How can E. coli infections be prevented?

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E. coli are bacteria that live in the digestive tracts of all people and animals. If they get transmitted to the wrong part of the body, such as the urinary tract or mouth, they can cause severe illness. Preventing E. coli infection can be done by using appropriate hygiene and food safety. For example, hand washing with soap after going to the bathroom, changing diapers, cooking, handling garbage or petting animals can reduce risk of infection. Avoiding contaminated foods, washing fruits and vegetables well, and and avoiding raw meats, seafood and eggs are important steps. Be sure to wash the kitchenware used to handle potentially contaminated foods well. Lastly, if you happen to have diarrhea caused by E. coli, it is best to take care to wash your hands frequently and thoroughly after every bathroom visit and minimize both direct and indirect contact to avoid passing it on to others.
Dr. Mehmet Oz, MD
Cardiology (Cardiovascular Disease)

No matter how rare you like your hamburger, you value your health more. So ask for ground beef to be cooked well, and do the same at home (all meat should be cooked to 160 degrees Fahrenheit to ensure that bacteria are killed). Thaw meat in your refrigerator (not on the counter or in the sink), and store it on the bottom shelf in a leak-proof container, so bacteria-laden juice won't drip onto other foods.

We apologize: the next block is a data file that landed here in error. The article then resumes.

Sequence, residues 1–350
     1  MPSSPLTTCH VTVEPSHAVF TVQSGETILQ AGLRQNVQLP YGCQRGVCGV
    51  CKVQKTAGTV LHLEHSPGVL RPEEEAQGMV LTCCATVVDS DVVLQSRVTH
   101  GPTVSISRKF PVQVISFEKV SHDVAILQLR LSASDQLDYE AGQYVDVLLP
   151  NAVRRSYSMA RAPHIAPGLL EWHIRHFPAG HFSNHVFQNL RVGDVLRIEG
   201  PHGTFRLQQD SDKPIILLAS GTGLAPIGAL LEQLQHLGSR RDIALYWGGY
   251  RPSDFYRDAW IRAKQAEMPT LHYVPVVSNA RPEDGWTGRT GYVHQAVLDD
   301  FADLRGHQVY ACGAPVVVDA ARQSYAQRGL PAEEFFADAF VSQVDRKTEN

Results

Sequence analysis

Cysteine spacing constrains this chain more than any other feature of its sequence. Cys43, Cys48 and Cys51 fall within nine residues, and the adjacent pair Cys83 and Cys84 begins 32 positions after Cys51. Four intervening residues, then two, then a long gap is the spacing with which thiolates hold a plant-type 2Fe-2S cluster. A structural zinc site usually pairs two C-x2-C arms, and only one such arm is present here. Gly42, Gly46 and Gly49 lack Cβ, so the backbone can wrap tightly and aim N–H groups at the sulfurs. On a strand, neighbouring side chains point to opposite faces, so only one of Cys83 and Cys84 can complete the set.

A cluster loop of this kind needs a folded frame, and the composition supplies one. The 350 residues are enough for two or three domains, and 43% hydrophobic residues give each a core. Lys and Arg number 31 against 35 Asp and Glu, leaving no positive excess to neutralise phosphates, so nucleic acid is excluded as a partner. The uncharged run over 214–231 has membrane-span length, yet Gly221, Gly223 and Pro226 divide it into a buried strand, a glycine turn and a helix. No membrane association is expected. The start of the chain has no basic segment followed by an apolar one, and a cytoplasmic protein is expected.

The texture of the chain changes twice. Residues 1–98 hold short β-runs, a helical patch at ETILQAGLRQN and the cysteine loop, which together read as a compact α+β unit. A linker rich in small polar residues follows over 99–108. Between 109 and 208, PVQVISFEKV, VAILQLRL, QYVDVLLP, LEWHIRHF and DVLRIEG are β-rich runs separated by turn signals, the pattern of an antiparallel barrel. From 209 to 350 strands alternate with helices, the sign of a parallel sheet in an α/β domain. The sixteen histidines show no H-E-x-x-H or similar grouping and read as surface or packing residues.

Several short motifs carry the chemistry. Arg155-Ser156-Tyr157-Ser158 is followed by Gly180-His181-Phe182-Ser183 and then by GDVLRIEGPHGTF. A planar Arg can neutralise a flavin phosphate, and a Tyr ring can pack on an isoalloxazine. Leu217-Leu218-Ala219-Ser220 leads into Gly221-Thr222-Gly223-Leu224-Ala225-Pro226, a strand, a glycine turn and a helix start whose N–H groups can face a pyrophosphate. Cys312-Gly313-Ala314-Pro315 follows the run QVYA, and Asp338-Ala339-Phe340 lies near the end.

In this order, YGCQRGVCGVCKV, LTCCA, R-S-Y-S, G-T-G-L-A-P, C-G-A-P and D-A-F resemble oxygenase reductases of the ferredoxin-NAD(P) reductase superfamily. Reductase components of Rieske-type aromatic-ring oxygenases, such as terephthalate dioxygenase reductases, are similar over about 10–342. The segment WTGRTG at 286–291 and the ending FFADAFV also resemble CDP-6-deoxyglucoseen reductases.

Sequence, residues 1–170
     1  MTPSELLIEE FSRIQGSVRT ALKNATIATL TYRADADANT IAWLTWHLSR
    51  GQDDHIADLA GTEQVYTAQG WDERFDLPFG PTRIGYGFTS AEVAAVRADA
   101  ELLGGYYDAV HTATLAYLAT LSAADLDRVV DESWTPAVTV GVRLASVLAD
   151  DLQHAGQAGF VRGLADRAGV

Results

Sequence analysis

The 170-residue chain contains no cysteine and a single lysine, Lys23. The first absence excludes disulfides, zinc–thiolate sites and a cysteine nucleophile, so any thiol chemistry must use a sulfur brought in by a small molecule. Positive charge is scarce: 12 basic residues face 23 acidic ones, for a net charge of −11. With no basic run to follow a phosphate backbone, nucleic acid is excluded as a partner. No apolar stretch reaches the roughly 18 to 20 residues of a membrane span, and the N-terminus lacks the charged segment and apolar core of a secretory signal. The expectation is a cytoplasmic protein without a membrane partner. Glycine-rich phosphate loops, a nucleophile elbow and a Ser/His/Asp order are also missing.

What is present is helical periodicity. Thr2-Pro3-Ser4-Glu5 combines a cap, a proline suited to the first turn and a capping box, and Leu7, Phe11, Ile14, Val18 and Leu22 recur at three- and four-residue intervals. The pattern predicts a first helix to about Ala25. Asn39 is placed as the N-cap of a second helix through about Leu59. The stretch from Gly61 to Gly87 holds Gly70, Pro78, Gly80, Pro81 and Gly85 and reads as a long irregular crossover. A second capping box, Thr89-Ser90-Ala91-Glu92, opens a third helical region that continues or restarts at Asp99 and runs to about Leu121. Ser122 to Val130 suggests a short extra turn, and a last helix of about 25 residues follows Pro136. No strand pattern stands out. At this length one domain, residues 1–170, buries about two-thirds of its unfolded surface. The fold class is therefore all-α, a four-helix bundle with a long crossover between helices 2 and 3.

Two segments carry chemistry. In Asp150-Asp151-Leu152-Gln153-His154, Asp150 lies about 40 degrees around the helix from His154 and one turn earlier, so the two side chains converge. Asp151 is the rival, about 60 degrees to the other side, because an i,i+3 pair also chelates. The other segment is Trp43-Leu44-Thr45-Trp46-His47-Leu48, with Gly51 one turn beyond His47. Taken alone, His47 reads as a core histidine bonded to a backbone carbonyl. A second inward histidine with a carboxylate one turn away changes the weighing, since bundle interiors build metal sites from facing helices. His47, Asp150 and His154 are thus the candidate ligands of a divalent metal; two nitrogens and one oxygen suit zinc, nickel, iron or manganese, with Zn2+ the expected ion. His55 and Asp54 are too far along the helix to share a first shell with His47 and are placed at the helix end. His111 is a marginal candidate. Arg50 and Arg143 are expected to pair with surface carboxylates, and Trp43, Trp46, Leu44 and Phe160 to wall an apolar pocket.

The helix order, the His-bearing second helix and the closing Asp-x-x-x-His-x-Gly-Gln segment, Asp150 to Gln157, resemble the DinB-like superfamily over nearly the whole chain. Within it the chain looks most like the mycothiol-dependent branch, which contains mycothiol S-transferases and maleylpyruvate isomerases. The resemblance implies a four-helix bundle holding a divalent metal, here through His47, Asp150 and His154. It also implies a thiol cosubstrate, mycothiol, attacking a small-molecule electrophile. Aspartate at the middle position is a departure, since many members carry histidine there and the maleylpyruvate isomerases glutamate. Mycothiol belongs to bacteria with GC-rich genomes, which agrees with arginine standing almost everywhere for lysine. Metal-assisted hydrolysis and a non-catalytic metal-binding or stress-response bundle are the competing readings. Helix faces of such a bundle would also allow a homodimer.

Escherichia coli (E. coli) can double their numbers in just 45 minutes in your warm, cozy kitchen, so make it less hospitable for them. Before and after meal prep, clean your counters, cutting boards, and sink with a daily-made solution of one jigger of bleach to a quart of water. Or use a solution of 50% vinegar and 50% water in a spray bottle. Because towels can harbor E. coli and spread it around, use a paper towel to wipe surfaces clean, and throw it away.


This content originally appeared on doctoroz.com
Make sure you are eating clean, well-cooked foods and wash your hands often.